Why we need to focus on long-term solutions to the refugee crisis

A field update from Andrea Crowley, NEF Director of Donor Engagement

In recent weeks, we’ve heard how international support for humanitarian assistance is falling dangerously short of what is needed – leaving 200,000 refugee families who are completely reliant on cash assistance in immediate risk. Without financial support, these families are forced toward dangerous coping mechanisms including unregulated labor, begging, child marriage, and radicalization – all of which further complicate and exacerbate the ongoing crisis.

On a recent trip to Jordan, I witnessed first hand the increasing need for long-term solutions and saw why passive cash assistance is simply not enough. When visiting with refugee families and hearing their experiences, I felt the weight of what they had been through, an acceptance that they would likely be a refugee from their home country indefinitely, and their desperation for a better life for themselves and their family.

One of the women I met with, Hana, is a refugee who has been receiving cash assistance from an international agency to support herself and her children (her husband died a few years ago). While extremely grateful for the support, she expressed living in a constant state of worry and stress of what would happen when this aid ended. The money she received also wasn’t enough to cover their basic needs (rent, heating and water). Hana knew that she needed to do something to earn money and become more financially secure. That is when she sought help from one of NEF’s Siraj Centers near her home.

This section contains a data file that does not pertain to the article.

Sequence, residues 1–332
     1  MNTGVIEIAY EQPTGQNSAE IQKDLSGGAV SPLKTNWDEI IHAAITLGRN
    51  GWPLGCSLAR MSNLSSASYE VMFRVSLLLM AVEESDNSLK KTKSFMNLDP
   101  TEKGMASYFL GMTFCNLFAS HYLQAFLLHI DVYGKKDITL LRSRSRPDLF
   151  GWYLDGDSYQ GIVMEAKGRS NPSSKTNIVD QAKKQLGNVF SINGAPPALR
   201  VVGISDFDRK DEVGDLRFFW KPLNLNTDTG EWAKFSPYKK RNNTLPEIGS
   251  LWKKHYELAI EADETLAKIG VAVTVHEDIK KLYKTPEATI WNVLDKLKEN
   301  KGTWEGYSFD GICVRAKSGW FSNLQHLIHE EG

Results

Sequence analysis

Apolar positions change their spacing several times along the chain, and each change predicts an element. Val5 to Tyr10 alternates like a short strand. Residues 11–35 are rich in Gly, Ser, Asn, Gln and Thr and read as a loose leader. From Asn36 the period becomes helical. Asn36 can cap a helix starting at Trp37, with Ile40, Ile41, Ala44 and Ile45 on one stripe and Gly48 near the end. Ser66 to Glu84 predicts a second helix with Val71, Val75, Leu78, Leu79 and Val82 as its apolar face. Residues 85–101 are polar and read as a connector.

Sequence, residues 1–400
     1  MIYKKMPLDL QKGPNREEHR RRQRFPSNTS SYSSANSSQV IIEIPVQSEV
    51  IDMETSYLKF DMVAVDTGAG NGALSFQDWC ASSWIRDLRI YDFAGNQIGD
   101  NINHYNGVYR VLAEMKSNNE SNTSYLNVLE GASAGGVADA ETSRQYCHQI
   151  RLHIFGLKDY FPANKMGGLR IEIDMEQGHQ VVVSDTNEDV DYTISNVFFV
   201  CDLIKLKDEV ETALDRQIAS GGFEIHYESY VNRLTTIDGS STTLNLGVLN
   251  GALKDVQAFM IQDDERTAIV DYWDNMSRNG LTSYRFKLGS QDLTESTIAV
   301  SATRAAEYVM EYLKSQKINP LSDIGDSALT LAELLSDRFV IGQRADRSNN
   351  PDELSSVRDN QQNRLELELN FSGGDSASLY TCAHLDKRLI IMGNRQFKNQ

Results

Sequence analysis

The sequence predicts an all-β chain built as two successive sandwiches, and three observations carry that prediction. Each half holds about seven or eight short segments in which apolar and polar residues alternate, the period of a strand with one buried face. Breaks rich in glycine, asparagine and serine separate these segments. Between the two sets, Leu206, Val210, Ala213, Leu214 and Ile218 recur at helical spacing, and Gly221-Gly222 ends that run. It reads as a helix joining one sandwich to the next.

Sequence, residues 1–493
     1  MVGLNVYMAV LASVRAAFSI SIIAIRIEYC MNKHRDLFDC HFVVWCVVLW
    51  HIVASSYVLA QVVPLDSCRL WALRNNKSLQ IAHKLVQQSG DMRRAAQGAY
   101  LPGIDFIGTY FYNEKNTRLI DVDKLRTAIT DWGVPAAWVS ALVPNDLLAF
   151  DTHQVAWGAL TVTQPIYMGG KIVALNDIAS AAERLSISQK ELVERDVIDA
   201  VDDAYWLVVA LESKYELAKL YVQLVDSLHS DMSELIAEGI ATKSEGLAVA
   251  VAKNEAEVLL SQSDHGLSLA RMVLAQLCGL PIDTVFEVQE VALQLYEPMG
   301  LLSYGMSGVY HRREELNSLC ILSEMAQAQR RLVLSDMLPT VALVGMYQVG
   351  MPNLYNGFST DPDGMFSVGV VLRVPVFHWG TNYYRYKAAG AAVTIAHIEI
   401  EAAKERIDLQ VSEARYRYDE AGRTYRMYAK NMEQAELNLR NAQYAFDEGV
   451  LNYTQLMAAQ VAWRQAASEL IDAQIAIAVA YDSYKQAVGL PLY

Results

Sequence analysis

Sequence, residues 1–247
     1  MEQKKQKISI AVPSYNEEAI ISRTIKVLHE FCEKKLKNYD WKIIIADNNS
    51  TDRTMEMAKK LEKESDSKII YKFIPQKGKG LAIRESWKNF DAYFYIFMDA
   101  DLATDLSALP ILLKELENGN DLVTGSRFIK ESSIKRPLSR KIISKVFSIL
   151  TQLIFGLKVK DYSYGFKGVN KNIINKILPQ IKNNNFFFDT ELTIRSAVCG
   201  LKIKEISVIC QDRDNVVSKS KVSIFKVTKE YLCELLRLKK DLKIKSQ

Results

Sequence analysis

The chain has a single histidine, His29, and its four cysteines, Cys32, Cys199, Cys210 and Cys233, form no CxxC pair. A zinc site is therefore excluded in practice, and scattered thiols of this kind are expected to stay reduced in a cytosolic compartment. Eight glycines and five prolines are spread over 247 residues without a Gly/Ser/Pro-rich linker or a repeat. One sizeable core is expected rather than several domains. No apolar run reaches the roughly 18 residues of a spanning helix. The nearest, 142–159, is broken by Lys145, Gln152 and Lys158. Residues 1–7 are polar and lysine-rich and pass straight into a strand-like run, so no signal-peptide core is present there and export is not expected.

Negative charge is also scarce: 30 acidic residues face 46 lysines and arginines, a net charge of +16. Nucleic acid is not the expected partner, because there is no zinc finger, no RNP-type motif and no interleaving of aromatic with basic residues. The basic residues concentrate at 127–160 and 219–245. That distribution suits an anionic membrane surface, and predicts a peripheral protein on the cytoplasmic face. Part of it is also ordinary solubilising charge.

At any one of the four Siraj Centers we’ve established in Jordan, refugees and vulnerable Jordanians are able to access training, counseling, and critical information needed to find jobs, start businesses, improve their physical and mental well-being, and strengthen their families’ economic resilience.

After attending one of our business development workshops, Hana started catering food out of her modest kitchen where she prepares popular dishes she learned to make from her mother as a young girl. From the profit she makes taking orders from her neighbors and the local supermarket, Hana is able to bring in a sustainable source of income to support her family’s needs. With a smile on her face, Hana told me that she feels much stronger now because she is able to depend on herself and not others.

“With a smile on her face, Hana told me that she feels much stronger now because
she is able to depend on herself and not others.”

At NEF, we believe that providing people with safe opportunities to earn an income is critical for their survival. We are working hard to help people move past their reliance on passive aid by building their resilience and autonomy so they can independently generate an income. As support for international aid fails, our work is needed now more than ever.

I urge you to share this message and consider a gift to NEF today. It is up to us, and donors like you, to help others like Hana survive on more than humanitarian aid.


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